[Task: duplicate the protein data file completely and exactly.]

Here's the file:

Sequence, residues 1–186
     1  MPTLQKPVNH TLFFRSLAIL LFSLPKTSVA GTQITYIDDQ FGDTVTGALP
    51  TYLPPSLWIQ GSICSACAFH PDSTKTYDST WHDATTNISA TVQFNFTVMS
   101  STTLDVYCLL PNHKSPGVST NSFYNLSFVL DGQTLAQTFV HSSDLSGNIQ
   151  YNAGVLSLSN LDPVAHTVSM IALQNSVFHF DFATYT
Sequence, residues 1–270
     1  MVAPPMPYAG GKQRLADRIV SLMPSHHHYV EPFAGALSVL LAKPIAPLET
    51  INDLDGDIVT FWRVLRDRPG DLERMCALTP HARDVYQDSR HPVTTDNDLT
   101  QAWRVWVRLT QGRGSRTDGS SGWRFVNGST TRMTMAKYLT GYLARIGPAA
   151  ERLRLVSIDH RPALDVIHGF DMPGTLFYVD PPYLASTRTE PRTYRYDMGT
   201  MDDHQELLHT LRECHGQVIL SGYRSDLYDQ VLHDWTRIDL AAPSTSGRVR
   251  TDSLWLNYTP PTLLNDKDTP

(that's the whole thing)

Sequence, residues 1–186
     1  MPTLQKPVNH TLFFRSLAIL LFSLPKTSVA GTQITYIDDQ FGDTVTGALP
    51  TYLPPSLWIQ GSICSACAFH PDSTKTYDST WHDATTNISA TVQFNFTVMS
   101  STTLDVYCLL PNHKSPGVST NSFYNLSFVL DGQTLAQTFV HSSDLSGNIQ
   151  YNAGVLSLSN LDPVAHTVSM IALQNSVFHF DFATYT
Sequence, residues 1–270
     1  MVAPPMPYAG GKQRLADRIV SLMPSHHHYV EPFAGALSVL LAKPIAPLET
    51  INDLDGDIVT FWRVLRDRPG DLERMCALTP HARDVYQDSR HPVTTDNDLT
   101  QAWRVWVRLT QGRGSRTDGS SGWRFVNGST TRMTMAKYLT GYLARIGPAA
   151  ERLRLVSIDH RPALDVIHGF DMPGTLFYVD PPYLASTRTE PRTYRYDMGT
   201  MDDHQELLHT LRECHGQVIL SGYRSDLYDQ VLHDWTRIDL AAPSTSGRVR
   251  TDSLWLNYTP PTLLNDKDTP